In fact, most professional dog training associations explicitly advise against the use of corrective tools when training dogs for clients, and some even forbid their use altogether. The reason for this seemingly harsh stance on correcting a dog is because there is a growing body of evidence that shows anything that can be trained with corrections can also be trained without them.
Because members of professional dog training associations are required to follow the rules of their club, most advise against using corrections and will be able to provide a multitude of alternative techniques to teach your dog the same behavior. While training without corrections can take longer, the broad application of this kind of training means it is very popular, as most dog owners will not be bothered by an additional week or two of training, as long as the dogs obedience is reliable.
There is no requirement to be part of an association to be a professional dog trainer, and ultimately, all trainers have their own unique perspective and approach to solving problems. Different parts of the world favor different techniques, as well as different breed clubs and sports.
Just because a trainer is using corrections to train a dog does not mean the training isn't effective. Historically, corrections have been used in training animals for much more time than they haven't. The primary argument against them being that they can be stressful and inhibit your dog from learning at all, but when used under the right circumstances they can still be an extremely effective component of training.
Corrections are generally used to stop a dog from repeating a certain behavior, or decrease the value of something a dog really wants. Correcting a dog for a behavior you don't like while rewarding them for behaviors you do like is the classic approach to training, but that doesn't make it the only way. Every dog is different, and what works for one dog may have very counterproductive effects on another.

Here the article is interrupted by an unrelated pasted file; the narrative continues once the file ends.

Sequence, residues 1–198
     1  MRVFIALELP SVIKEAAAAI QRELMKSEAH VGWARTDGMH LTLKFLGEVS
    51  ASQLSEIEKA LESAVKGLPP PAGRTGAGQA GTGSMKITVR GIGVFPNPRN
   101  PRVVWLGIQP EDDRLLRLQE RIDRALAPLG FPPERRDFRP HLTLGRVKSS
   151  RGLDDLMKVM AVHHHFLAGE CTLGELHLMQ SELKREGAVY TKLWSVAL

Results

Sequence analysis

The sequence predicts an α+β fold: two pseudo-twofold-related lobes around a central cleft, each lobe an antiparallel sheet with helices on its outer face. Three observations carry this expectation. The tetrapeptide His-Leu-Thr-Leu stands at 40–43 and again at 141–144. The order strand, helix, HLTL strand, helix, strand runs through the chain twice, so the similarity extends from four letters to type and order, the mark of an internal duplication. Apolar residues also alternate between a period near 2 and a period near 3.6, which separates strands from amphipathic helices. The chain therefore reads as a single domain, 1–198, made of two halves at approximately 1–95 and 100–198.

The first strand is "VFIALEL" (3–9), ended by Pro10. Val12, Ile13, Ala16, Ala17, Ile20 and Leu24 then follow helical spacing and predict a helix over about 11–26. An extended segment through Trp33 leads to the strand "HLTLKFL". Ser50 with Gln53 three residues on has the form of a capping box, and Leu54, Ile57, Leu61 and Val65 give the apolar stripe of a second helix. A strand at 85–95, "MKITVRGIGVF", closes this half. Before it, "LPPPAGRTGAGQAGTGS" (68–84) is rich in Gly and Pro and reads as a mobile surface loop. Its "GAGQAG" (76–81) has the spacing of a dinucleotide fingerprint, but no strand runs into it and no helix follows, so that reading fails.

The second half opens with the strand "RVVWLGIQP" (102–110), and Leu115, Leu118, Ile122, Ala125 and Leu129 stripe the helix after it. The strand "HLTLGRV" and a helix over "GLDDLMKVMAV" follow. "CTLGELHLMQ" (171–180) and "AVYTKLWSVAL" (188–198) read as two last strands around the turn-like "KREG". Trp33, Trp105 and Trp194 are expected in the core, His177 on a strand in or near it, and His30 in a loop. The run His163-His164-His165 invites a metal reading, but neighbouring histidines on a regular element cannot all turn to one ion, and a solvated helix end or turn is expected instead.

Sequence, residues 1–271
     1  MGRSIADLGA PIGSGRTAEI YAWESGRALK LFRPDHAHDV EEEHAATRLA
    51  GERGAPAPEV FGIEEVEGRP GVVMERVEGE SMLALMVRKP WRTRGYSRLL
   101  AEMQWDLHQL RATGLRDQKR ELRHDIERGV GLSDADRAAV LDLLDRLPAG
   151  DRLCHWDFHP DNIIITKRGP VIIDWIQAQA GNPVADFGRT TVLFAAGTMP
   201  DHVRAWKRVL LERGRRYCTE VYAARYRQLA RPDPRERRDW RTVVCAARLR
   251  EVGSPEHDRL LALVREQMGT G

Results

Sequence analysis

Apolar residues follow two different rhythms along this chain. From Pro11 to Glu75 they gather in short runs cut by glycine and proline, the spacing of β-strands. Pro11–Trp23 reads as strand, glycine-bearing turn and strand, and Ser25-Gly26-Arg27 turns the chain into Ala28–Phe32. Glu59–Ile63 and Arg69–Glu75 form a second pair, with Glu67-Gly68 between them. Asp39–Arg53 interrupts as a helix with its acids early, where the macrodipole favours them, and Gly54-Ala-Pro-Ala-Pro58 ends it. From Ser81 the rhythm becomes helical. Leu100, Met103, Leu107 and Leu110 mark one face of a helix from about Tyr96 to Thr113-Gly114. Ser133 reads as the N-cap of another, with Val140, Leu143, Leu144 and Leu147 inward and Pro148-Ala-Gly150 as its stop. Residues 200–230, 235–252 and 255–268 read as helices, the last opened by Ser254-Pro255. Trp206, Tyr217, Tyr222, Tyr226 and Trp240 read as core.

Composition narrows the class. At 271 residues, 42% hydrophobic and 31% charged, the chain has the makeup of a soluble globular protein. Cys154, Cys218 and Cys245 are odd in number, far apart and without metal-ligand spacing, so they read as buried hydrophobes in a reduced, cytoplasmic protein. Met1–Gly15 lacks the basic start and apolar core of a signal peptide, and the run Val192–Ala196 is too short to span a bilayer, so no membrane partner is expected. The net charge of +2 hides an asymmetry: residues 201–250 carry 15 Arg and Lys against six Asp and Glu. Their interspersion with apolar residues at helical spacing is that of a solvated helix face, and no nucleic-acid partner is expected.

It depends on when, why, and how you use them. In modern dog training, there are only a limited amount of acceptable corrections, which include:
Hitting and throttling (choking) a dog are not corrections, they are abuse, and have no place in professional dog training.
You can think of “correcting” a dog as doing anything that decreases the likelihood of the behavior they were being corrected for (and a reward as anything that increases the chance they’ll behave that way again.)
When people think of corrections in dog training, images of training gear like prong collars often come to mind, but not all corrections involve the use of special tools. In fact, most dog owners correct their dogs throughout their lives, whether they realize it or not. Saying “No,” as your dog rushes guests is a correction. Not letting your dog run through the door and making them wait, instead, is also a correction.
If your dog is a pet, and you do not need a very high level of reliable obedience training, you may never choose to use collar corrections with hem, but when training dogs for working jobs like policework and dogsports, corrections are a valuable communication tool, and can be mild (verbal corrections) or severe (collar corrections) depending on the work the dog is expected to do.
For example, it’s not uncommon to use a collar correction when teaching a dog advanced behaviors like heel, whereas it's possible to teach a dog the basics of walking on a leash completely without them. In conjunction with rewards, corrections simply help guide a dog toward the right behaviors, and are generally phased out with time.
With all that being said, the use of corrections is one of the most divisive topics in dog training today. Whether you’re talking to a professional trainer or an experienced dog owner, everyone has an opinion on whether or not corrections should be applied in dog training at all. Whether or not you choose to use them with your dog will ultimately depend on your goals, your individual dog, and your comfort with using corrective tools, like prong collars or eCollars.